Canadian home sales and prices are on the rise – again. After a brief lull in activity last spring due to the onset of COVID-19, the Canadian Real Estate Association’s September 2020 data reveals that transactions rose a whopping 45.6 per cent year-over-year. With a persistent shortage of new listings hitting the market, prices also increased nationally, to the tune of 17.5 per cent, to a new high of $604,000. This is despite the global pandemic, its economic aftermath and now, a second wave. That tells us two not-unrelated things about Canadian real estate – it continues to be a safe investment, and it’s still in high demand.
In Canada’s hottest housing markets such as Toronto, average home prices have long surpassed the million, current-dollar mark, currently more than double the national average, per the Toronto Regional Real Estate Board’s. We all know that property in large urban centres, such as Toronto, Vancouver and Montreal comes at a premium, but how much is too much?
The value of real estate is not to be confused with its cost. Cost refers to the actual price of a property based on its size and structure. The value is what someone is willing to pay for that property under current market conditions. This amount fluctuates based on a number of variables, including (but not limited to) supply and demand, lending rates, economic factors and even social trends. And because a home is such a personal thing, emotions also play into what someone is willing to pay.
So, back to the million-dollar question. How much is too much? Here are 3 things that factor into your answer.
What is the home worth? If you’re buying or selling a home, your Realtor will do a comparative market analysis (CMA), which tells you what similar homes in the same neighbourhood have sold for recently, to estimate the market value of a given property. The value then adjusts up or down, depending on the age of the home; whether it is a fixer-upper or move-in ready; the number of other listings and buyers in competition; and the features of the home like the number of bathrooms, the type of kitchen, whether it has a pool, etc. These factors will impact your home’s future resale value, so ensure the upgrades are worth what you’re paying for them. Most people would be unwilling to pay extra for a home with solid gold faucets. Just sayin’.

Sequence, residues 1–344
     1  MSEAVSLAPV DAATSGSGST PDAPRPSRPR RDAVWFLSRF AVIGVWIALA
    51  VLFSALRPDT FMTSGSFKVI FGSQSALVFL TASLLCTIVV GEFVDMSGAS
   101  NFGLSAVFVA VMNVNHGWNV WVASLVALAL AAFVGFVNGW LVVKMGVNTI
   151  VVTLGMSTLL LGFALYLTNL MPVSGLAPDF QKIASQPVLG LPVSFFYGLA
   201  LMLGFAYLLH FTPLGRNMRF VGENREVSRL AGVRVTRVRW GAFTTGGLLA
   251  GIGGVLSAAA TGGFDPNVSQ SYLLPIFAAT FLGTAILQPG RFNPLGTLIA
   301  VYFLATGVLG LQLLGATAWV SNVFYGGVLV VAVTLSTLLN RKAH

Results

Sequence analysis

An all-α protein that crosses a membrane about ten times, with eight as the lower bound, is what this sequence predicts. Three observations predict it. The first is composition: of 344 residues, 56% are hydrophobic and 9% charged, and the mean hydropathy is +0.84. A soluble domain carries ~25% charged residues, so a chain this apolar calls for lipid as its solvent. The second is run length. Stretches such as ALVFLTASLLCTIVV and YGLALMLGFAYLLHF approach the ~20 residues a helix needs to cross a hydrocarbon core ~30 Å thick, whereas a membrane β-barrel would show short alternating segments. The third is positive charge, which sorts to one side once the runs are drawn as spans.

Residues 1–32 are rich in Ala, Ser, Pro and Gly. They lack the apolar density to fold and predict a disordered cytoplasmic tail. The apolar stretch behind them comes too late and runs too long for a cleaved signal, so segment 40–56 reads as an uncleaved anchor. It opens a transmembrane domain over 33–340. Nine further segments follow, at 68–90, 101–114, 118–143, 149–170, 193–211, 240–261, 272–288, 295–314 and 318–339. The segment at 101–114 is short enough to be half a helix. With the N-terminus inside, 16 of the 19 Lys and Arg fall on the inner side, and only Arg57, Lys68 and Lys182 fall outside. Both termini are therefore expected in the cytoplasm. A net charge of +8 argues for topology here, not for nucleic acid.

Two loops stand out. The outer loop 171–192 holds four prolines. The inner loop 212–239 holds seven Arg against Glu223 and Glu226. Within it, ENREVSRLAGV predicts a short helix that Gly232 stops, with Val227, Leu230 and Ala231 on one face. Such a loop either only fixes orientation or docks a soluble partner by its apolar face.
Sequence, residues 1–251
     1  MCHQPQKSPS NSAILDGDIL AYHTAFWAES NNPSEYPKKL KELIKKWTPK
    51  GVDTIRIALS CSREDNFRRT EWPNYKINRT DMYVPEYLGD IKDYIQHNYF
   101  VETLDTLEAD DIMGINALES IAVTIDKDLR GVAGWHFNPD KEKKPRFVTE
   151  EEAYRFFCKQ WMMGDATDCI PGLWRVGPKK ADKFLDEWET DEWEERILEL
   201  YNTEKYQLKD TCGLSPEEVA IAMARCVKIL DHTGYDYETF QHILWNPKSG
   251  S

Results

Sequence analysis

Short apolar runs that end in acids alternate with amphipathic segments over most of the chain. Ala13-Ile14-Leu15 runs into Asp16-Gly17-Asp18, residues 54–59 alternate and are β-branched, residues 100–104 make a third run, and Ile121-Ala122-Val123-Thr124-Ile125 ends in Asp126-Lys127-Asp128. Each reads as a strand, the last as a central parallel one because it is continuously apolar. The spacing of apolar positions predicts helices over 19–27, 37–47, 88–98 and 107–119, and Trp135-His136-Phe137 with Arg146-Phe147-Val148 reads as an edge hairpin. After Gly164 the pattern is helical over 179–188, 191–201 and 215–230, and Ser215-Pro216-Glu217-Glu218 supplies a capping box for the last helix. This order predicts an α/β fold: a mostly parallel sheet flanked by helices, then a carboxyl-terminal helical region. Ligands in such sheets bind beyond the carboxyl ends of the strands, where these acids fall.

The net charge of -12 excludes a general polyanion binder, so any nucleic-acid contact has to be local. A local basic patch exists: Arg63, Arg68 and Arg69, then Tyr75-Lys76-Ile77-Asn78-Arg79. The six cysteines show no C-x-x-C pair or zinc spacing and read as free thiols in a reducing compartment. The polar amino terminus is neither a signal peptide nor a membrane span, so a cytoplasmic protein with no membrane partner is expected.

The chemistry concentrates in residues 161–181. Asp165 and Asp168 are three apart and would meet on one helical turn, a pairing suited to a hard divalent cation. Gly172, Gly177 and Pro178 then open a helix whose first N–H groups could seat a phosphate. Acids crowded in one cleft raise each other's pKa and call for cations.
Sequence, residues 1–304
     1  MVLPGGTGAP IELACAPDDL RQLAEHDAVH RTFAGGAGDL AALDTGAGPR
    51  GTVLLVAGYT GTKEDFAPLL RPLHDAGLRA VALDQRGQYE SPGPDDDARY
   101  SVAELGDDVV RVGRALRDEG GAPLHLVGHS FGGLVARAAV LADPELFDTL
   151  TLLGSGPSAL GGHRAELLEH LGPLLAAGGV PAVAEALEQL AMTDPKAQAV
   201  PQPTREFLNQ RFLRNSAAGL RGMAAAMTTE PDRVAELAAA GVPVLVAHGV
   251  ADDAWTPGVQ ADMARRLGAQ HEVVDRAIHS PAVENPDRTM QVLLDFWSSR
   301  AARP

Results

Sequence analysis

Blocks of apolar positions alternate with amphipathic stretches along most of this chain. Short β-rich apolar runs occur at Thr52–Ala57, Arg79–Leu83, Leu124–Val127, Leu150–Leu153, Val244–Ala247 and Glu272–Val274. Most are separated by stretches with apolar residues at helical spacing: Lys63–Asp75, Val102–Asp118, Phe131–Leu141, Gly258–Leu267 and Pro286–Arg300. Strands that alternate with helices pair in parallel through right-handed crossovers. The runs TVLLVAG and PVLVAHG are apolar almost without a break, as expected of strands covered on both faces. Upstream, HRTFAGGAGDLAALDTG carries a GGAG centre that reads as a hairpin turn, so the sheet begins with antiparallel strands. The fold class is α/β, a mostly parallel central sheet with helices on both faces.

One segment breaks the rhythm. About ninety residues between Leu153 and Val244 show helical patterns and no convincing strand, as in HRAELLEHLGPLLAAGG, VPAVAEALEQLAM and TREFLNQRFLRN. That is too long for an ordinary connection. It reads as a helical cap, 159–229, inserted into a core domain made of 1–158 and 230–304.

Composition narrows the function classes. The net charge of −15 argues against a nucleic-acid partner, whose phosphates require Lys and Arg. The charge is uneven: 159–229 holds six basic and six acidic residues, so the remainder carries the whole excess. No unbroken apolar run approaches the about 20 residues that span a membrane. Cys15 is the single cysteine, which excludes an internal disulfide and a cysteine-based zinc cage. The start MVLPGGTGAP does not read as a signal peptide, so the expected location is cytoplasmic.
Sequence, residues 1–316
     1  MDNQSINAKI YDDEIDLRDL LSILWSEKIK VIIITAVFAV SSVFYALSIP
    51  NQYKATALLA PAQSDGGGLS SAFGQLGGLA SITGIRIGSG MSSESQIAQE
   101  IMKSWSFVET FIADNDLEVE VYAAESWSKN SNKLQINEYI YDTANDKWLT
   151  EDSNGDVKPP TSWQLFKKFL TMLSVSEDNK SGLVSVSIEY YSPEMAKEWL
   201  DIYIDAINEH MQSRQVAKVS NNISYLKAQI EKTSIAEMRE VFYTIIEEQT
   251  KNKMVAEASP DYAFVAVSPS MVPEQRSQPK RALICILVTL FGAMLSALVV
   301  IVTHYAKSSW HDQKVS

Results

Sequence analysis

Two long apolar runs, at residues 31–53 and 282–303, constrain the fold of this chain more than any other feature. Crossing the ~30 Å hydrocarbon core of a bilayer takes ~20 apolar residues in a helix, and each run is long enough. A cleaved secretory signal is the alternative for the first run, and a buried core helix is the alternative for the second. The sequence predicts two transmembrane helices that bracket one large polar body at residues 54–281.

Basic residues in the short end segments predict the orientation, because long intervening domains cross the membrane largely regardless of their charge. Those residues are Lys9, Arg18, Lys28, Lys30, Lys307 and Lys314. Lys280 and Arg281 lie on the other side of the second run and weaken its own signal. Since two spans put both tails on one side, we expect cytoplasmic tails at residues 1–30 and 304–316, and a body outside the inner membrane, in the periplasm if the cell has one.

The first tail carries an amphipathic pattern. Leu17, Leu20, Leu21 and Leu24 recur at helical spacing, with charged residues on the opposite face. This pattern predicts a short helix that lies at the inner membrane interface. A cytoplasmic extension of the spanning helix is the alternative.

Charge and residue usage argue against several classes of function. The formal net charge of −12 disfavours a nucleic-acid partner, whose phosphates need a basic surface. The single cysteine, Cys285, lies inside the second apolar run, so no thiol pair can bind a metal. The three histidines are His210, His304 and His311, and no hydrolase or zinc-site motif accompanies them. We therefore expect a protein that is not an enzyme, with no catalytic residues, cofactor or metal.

How much can you afford? Most mortgage lenders determine this by calculating your Gross Debt Service ratio (total housing costs divided by your income) and your Total Debt Service ratio (your GDS plus other expenses and debts, divided by your income). As of July 1st, 2020, Canada Mortgage and Housing Corp. changed its guidelines for GDS and TDS limits on its insured mortgages. These rations are now 35% and 42%. That’s a pretty easy way to determine if you can afford the home, and still service your other financial commitments and lifestyle.
Last but not least… What is the home worth to you? This is a totally subjective question, and the answer is different for everyone. How badly do you want this house? In the current Toronto market, listings are at a low, with some regions experiencing less than one month of inventory. To put it mildly, the competition is cut-throat. A Realtor that’s worth their salt will keep your emotions(and offers) in check. Remember, a home is only worth what someone is willing to pay for it – not just you as the buyer, but future buyers as well.
The moral of the story is to keep a level head and don’t let your emotions throw you off the rails. The current real estate market has repeatedly taught us that the right home, in the right neighbourhood and purchased at the right price, will always be a wise investment.